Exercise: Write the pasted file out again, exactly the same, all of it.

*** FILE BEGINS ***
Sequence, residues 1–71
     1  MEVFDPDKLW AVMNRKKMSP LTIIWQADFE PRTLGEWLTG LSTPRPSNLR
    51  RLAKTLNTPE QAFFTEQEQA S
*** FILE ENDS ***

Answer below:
Sequence, residues 1–71
     1  MEVFDPDKLW AVMNRKKMSP LTIIWQADFE PRTLGEWLTG LSTPRPSNLR
    51  RLAKTLNTPE QAFFTEQEQA S